PVC 'pillow' lantern is inexpensive Light source

It looks like a pillow with a cell phone glued on the side. Closer up, you see a solar panel and a tiny red light.

Odd products come across my desk every week. But the LuminAID, a solar-powered inflatable lamp, takes a prize.

LuminAID (inflated).jpg

Blow-up PVC “pillow” serves as a light source

It looks weird, no doubt. In use the PVC plastic light is a simple solution for campers in need of a lantern in a tent our outdoors at a site.

Sunlight and the solar panel charges an embedded lithium battery. Once full, the light can shine for 6 hours at about 35 lumens — bright enough to cook or read by.

It folds up and packs as small as an iPhone. Clip it on a backpack with its solar panel exposed to recharge the unit as you hike.

LuminAID (folded).jpg

Folded up

Then blow it up to convert the LuminAID to lantern mode — the translucent plastic “pillow” serves as a diffuser to spread light in an even cloud.

Though flimsy feeling in the hand, the company built the LuminAID to last for a couple years of use. The battery can be recharged up to 500 times.

LuminAID (clipped on backpack).jpg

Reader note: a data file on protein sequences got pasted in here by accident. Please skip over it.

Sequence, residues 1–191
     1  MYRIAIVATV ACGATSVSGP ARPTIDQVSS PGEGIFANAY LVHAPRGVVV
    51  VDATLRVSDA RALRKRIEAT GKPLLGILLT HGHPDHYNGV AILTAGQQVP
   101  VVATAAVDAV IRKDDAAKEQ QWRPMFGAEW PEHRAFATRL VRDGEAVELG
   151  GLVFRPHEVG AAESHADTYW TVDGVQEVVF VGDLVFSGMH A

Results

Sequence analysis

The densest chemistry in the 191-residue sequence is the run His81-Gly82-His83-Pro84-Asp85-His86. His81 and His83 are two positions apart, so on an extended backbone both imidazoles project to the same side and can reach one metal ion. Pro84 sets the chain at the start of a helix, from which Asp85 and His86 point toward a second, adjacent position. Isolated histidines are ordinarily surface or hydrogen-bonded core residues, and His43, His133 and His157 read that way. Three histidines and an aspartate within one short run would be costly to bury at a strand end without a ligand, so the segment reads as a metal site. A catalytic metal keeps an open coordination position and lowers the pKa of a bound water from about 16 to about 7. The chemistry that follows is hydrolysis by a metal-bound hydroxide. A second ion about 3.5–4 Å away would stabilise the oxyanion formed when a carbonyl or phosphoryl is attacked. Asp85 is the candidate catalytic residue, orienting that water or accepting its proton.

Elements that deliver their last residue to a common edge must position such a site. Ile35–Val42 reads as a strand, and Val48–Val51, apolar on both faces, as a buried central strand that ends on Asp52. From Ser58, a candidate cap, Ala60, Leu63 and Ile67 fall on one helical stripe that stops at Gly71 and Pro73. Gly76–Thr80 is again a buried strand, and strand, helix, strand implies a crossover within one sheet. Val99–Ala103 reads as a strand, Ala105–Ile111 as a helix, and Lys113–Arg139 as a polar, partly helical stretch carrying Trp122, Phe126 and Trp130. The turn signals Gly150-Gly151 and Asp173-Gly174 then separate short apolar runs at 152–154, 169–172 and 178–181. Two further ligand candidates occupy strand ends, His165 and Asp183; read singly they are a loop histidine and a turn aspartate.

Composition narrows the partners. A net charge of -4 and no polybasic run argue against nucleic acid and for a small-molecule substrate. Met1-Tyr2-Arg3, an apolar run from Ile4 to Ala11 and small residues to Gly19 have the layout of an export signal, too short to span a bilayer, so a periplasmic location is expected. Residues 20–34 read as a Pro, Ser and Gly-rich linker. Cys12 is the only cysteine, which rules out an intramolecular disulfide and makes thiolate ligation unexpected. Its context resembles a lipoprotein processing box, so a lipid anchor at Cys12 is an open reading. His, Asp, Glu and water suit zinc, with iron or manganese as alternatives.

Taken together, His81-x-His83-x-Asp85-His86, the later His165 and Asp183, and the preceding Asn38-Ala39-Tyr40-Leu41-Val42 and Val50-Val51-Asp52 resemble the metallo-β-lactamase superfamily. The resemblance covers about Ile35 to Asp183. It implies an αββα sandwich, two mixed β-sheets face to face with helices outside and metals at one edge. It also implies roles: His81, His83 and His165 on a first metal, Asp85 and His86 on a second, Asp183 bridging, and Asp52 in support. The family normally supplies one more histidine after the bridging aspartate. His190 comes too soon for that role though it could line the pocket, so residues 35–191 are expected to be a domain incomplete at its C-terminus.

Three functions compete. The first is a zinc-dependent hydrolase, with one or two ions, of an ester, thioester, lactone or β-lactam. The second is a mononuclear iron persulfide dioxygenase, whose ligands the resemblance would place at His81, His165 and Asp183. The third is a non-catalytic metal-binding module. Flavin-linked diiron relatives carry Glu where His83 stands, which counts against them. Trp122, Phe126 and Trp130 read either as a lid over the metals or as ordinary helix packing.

Clipped on a pack, ready to soak in the sunlight to charge

Its original purpose was as a product for disaster relief aid in response to the Haiti earthquake.

Today, the Texas-based company supports various aid efforts. The plastic lantern is made to stand in for polluting kerosene lamps commonly used around the world.

LuminAID (in tent).jpg

In a tent

For campers, the LuminAID costs about $19. You get a unique light source for that price that weighs a feathery 110 grams.

It folds up small and is ready for planned illumination at a campsite or emergency use when you’re in need of extra light in the night.

—Stephen Regenold is founder and editor of www.GearJunkie.com.

LuminAID.jpg

Light seeps from the lantern to light up the ground

Comments